Ophthalmologists are medical and surgical physicians trained to recognize all the potential threats to vision, which is why the Academy recommends that healthy adults see an ophthalmologist for a comprehensive, baseline eye exam by age 40 and have their eyes checked every year or two at age 65 or older.
The impacts of vision loss are also underappreciated. Another key finding showed that people are unaware that vision loss can also amplify the adverse effects of other chronic illnesses. Although the majority of adults (57%) are aware that vision loss in adults increases the risk for injury or death, only 1 in 4 (24%) know that vision loss in adults is associated with psychological problems such as social isolation and depression.
Study after study has shown that people fear vision loss more than they fear cancer, stroke, heart disease and other serious health problems. What this new study shows is that Americans are scared about an issue they know very little about. The year 2020, with all its symbolism with clear vision, is the year to change that.
For ophthalmologist-reviewed information about eye diseases and treatments, eye health news, and tools to locate an ophthalmologist, visit AAO.org/EyeSmart.
EyeCare America® Can Help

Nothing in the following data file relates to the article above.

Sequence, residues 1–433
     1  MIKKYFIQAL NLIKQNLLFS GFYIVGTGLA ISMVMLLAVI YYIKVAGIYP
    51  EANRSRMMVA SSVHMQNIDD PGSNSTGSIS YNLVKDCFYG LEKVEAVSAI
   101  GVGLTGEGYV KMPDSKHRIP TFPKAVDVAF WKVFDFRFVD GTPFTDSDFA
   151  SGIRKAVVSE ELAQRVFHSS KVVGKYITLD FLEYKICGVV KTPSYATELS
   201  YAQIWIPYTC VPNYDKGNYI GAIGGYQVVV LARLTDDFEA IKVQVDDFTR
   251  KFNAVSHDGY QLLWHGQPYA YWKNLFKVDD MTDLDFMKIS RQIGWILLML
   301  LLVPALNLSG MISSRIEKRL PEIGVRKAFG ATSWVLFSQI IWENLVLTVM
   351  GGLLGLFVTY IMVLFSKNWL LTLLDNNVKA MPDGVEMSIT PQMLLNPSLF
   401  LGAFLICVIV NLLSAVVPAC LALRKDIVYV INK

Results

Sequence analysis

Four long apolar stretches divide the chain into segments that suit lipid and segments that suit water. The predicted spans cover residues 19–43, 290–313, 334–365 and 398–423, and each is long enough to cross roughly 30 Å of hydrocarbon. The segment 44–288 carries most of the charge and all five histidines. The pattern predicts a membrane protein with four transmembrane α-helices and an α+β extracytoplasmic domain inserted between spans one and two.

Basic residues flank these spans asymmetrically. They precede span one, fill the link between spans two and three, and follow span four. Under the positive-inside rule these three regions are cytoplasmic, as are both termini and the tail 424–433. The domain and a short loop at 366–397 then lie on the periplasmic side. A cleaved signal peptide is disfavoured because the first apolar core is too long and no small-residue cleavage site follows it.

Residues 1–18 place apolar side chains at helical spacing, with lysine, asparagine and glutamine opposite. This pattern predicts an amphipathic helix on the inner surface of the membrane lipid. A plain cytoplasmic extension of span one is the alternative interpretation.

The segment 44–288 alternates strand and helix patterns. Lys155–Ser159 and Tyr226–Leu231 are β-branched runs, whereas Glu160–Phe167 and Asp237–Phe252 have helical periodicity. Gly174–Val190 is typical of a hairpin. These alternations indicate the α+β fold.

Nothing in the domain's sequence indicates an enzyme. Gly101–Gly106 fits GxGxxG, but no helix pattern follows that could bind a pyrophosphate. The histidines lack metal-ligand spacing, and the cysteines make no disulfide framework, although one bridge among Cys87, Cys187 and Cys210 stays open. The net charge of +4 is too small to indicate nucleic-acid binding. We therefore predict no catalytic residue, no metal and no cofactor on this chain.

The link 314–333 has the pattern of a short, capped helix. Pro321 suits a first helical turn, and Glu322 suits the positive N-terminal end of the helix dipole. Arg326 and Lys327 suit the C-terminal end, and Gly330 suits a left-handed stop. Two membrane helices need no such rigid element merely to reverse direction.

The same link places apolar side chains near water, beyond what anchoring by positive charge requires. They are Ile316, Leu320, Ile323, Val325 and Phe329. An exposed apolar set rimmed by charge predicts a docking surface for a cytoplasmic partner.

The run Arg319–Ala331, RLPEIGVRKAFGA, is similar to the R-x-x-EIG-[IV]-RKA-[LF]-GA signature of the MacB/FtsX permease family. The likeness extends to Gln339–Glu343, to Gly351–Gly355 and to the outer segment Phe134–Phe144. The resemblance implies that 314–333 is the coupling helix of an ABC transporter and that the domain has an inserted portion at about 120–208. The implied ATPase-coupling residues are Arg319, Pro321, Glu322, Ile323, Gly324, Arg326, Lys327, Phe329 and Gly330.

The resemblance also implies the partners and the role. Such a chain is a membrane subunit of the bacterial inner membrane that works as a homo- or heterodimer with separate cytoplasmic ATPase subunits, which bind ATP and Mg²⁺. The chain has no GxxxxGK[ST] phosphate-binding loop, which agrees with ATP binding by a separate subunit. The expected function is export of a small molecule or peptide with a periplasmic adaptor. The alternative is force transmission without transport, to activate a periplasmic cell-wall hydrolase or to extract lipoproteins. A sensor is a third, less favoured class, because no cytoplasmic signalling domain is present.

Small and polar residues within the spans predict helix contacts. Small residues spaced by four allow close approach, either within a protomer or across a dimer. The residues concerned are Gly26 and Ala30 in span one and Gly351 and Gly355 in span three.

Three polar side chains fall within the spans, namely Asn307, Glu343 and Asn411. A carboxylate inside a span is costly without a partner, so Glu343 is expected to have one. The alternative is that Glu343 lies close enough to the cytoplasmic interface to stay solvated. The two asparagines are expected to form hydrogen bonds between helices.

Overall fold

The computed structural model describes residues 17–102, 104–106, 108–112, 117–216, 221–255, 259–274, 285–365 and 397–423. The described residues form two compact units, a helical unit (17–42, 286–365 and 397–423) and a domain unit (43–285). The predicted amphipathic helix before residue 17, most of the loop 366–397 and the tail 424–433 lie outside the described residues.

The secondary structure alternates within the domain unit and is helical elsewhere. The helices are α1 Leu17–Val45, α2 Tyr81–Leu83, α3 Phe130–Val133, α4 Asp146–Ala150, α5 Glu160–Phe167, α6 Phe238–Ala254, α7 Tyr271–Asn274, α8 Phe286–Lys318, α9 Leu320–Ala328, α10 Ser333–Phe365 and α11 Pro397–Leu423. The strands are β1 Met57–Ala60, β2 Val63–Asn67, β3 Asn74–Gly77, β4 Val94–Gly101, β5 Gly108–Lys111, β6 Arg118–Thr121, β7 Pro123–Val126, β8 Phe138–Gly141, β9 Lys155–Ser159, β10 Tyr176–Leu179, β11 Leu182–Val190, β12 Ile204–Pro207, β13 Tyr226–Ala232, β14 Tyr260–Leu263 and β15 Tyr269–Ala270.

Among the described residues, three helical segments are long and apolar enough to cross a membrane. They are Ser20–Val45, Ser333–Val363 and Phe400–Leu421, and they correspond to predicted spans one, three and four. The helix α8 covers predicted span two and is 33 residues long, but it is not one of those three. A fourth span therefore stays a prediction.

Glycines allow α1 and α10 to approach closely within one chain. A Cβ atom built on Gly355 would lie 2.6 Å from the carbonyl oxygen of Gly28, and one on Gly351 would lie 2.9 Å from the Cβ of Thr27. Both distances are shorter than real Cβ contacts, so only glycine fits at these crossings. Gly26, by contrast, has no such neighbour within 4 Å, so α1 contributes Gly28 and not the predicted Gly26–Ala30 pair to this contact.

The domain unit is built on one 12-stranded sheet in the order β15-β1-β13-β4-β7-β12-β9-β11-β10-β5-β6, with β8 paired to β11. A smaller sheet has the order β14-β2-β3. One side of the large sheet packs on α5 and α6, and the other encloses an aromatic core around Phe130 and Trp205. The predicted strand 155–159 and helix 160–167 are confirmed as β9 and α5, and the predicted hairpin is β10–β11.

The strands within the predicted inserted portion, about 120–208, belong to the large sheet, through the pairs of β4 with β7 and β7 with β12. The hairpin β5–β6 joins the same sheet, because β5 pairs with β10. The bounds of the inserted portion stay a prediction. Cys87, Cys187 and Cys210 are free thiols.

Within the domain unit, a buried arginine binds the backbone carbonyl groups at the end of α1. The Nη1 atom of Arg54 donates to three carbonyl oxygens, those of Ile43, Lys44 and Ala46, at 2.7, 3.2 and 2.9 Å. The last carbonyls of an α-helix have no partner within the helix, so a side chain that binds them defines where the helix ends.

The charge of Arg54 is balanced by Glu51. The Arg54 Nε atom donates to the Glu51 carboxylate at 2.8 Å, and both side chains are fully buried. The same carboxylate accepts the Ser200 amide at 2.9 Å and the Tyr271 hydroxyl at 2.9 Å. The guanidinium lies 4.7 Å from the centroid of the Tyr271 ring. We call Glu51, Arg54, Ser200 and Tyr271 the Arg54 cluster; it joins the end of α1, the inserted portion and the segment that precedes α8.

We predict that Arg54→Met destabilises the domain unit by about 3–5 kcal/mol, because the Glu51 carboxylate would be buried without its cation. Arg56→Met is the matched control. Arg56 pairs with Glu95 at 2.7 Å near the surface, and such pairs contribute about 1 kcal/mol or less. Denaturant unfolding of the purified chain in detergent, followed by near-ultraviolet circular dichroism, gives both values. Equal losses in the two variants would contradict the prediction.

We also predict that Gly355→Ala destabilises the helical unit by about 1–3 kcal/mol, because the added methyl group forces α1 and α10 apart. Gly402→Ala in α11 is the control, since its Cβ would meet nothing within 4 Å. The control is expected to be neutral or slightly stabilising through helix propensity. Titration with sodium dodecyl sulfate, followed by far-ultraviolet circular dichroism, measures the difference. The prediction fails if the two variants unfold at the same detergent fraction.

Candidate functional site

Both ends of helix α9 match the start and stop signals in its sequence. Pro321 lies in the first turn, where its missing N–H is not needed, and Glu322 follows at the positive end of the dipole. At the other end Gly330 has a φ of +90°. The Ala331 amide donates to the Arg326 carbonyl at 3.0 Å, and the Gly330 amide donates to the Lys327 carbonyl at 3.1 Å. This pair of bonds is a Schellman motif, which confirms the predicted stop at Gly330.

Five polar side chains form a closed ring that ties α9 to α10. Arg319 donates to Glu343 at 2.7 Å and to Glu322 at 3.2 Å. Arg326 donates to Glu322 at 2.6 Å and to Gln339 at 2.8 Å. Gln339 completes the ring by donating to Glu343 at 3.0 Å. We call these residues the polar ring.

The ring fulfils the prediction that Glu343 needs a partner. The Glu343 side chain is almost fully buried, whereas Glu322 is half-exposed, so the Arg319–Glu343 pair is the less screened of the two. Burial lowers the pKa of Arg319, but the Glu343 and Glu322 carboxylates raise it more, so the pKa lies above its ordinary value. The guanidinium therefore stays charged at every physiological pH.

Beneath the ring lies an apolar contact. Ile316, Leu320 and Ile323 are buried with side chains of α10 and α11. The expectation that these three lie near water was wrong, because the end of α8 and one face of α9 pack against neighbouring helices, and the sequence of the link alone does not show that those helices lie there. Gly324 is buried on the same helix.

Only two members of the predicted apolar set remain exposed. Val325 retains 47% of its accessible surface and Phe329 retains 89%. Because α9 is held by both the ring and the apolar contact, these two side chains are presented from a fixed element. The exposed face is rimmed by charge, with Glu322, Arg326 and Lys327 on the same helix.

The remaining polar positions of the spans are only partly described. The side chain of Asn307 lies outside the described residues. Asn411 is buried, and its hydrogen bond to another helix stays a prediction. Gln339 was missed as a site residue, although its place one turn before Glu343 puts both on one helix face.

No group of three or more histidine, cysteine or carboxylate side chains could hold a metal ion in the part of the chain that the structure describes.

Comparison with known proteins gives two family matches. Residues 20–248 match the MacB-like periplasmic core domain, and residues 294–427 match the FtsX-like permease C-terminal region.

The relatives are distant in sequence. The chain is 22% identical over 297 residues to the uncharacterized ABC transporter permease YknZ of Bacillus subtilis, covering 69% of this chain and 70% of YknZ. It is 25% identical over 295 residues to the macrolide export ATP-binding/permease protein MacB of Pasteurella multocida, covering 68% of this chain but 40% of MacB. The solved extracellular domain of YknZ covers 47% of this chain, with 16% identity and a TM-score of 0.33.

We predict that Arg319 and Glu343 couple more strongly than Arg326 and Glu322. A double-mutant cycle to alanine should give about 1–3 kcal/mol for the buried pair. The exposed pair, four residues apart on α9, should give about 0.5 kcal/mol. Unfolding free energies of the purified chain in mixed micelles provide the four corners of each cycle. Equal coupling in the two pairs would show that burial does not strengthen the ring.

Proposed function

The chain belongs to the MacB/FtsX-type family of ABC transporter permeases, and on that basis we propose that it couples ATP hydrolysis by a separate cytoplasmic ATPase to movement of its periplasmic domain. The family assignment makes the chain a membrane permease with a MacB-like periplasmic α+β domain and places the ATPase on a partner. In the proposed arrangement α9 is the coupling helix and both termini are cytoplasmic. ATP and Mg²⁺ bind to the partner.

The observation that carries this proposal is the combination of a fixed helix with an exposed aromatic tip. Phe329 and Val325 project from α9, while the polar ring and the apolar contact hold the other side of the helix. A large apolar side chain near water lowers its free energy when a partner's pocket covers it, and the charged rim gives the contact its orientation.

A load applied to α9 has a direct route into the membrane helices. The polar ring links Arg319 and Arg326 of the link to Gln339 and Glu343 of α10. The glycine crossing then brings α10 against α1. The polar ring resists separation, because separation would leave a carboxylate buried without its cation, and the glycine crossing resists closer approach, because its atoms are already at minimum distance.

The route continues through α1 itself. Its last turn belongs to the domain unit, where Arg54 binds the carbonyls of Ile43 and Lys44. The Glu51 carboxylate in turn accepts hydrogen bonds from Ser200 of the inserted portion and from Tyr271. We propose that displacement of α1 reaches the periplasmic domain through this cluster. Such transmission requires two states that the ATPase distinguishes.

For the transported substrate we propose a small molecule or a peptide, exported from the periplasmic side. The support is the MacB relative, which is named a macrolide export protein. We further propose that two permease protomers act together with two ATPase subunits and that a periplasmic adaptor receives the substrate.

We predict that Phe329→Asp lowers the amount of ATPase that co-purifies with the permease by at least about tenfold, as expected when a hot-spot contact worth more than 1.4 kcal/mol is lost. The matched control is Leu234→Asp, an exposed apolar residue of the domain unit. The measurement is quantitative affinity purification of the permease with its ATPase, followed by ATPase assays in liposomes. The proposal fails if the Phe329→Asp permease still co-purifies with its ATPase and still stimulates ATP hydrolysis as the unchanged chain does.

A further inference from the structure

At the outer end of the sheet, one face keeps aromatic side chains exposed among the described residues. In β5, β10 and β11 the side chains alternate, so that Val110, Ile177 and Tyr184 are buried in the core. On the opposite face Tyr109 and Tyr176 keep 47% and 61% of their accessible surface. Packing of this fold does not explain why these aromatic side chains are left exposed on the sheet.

If you are concerned about the cost of the exam, the American Academy of Ophthalmology’s EyeCare America® program may be able to help. This national public service program provides eye care through volunteer ophthalmologists for eligible seniors 65 and older; and those at increased risk for eye disease. To see if you or your loved ones are eligible, visit www.aao.org/eyecareamerica.
About the Survey
This survey was conducted online within the U.S. by The Harris Poll on behalf of the American Academy of Ophthalmology among 3,512 U.S. adults ages 18 and over between August 8 and 27, 2019. Data by race/ethnicity were weighted where necessary by gender, age, region, income, education, household size, marital status, employment, and specific eye conditions of interest to bring them into line with their actual proportions in the population. The data for each race/ethnicity group was then combined into a grand total to reflect the proportions of each race/ethnicity within the U.S. adult population. Propensity score weighting was also used to adjust for respondents’ propensity to be online. For additional details about the survey results, please contact Lindsey.Bailys@gcihealth.com.
About the American Academy of Ophthalmology
The American Academy of Ophthalmology is the world’s largest association of eye physicians and surgeons. A global community of 32,000 medical doctors, we protect sight and empower lives by setting the standards for ophthalmic education and advocating for our patients and the public. We innovate to advance our profession and to ensure the delivery of the highest-quality eye care. Our EyeSmart® program provides the public with the most trusted information about eye health. For more information, visit aao.org.